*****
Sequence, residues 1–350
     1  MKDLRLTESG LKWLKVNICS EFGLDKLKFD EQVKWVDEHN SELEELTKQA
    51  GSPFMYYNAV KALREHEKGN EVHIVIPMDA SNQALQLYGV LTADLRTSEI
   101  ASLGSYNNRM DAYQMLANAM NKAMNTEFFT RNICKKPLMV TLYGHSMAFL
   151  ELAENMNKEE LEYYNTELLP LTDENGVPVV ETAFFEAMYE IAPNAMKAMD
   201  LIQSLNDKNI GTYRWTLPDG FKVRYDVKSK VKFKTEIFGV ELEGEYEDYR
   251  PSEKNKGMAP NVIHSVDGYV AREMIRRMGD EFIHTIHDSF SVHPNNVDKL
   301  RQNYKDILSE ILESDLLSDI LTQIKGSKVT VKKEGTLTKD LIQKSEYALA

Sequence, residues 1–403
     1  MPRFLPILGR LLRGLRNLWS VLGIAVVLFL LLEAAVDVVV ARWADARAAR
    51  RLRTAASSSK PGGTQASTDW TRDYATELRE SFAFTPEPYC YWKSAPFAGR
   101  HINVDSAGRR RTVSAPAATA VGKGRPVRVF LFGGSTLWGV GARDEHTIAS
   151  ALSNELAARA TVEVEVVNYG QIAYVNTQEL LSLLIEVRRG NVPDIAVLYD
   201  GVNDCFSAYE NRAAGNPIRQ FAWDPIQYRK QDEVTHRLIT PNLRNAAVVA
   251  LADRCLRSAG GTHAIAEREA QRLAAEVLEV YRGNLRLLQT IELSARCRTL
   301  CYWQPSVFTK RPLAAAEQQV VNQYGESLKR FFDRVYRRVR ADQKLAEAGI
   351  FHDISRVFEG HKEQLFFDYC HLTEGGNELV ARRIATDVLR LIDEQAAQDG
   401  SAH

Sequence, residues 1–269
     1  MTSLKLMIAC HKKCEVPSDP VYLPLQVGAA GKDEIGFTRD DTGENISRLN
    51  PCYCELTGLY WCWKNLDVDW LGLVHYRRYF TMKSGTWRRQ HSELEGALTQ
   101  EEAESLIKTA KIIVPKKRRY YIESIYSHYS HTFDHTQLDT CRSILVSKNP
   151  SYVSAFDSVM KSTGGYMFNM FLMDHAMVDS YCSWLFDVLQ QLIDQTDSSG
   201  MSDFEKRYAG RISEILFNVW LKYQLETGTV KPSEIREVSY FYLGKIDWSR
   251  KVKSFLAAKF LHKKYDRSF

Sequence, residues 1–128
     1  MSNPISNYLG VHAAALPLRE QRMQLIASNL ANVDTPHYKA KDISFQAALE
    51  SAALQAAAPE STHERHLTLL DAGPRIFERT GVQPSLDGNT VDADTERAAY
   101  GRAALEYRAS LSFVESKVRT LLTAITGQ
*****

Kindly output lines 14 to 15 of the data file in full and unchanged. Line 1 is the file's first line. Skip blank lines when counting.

   201  GVNDCFSAYE NRAAGNPIRQ FAWDPIQYRK QDEVTHRLIT PNLRNAAVVA
   251  LADRCLRSAG GTHAIAEREA QRLAAEVLEV YRGNLRLLQT IELSARCRTL